Steve Wright supposedly quit when he tired of being told what records to play during his short-lived breakfast show - that would be "some" records, presumably, judging by the low number of tracks he usually managed to get in between the chatty bits, and his decision to join TalkRadio. (That, in itself, was a cause of some grief as the BBC maintained he still had three months contracted to them to work through.)

But perhaps there is one name, above all others, who should be remembered for his departure. Duncan Johnson, the first man to be dumped from Radio One, after just three months on air. Jordans crime? He was considered too old for the station. His age? A crinkly 29.

One last farewell: Janice Long, who failed to return from maternity leave. She later told the NME that, having been presenting a daily night-time show at the time she left to have the baby, management suggested on her return she downsize a little: "They asked if I could manage being a mother and presenting a half-hour programme every week." The show she was offered was Radio One's weekly round-up of its best bits - a podcast before podcasts were possible. Its name, of course, was Radio One More Time.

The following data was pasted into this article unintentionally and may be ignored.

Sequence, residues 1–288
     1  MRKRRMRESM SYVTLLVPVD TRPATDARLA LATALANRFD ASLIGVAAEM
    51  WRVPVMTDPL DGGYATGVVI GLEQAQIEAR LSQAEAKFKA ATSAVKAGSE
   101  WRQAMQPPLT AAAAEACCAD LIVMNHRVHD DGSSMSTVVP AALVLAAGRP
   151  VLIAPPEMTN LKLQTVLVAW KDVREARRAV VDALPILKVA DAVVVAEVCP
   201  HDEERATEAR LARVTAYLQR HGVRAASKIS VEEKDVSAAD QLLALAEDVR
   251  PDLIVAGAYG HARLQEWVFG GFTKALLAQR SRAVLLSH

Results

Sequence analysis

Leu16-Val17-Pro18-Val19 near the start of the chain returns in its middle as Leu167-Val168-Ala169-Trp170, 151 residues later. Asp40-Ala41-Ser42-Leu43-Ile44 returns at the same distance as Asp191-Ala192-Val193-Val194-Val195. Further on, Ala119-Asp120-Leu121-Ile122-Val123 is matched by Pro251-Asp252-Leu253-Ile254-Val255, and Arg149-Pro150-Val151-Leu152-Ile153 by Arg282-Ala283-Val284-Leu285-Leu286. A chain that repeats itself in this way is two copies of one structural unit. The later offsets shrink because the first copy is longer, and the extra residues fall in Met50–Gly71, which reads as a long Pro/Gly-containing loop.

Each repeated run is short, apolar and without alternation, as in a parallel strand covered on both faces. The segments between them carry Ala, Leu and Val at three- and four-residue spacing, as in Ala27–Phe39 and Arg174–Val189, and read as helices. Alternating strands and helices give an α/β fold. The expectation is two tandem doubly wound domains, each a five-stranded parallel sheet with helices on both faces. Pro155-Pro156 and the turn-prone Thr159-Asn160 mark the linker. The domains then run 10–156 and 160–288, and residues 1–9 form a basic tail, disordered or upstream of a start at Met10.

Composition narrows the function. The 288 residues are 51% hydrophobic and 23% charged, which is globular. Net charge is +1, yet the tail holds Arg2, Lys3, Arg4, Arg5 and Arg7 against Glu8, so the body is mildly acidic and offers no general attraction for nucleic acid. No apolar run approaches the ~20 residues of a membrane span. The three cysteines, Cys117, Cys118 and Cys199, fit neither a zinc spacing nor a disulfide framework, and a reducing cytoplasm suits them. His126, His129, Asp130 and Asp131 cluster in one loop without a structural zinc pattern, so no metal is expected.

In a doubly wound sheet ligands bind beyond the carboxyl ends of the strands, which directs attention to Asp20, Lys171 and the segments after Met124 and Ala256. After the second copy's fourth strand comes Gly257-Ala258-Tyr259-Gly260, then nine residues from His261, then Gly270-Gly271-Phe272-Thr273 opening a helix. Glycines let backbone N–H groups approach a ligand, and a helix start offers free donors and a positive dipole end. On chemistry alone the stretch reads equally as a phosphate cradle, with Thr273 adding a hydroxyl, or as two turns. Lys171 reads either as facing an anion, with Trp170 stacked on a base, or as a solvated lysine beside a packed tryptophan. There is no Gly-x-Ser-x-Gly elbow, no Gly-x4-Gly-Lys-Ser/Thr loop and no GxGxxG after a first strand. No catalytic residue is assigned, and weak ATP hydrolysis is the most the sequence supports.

[Part of Radio One More Time]


Tuesday, September 11, 2007

Radio One More Time: Records by DJs

They reckon that music journalists are just frustrated pop stars, which might be true. But they're nowhere near as frustrated as disc jockeys are. The desire to make a record instead of merely playing them seems to seize every DJ at some point in their career and, however ill-advised, they will go ahead and find someone willing to stick something out.

We've already explored Mike Read's attempts to boost his Trainspotters profile by recording his own jingle based on his own single, but there were to be worse transgressions.

Steve Wright, for one. Wright's first toe dipped into seven inch vinyl was merely irritating: as Young Steve and The Afternoon Boys, he turned a weak catchphrase into a weaker single - one which even Russ Abbot might have thought twice about recording:

I'm alright
You're alright
Everyone's feeling alright tonight
Having a laugh and singing a song
If you're alright, you can't go wrong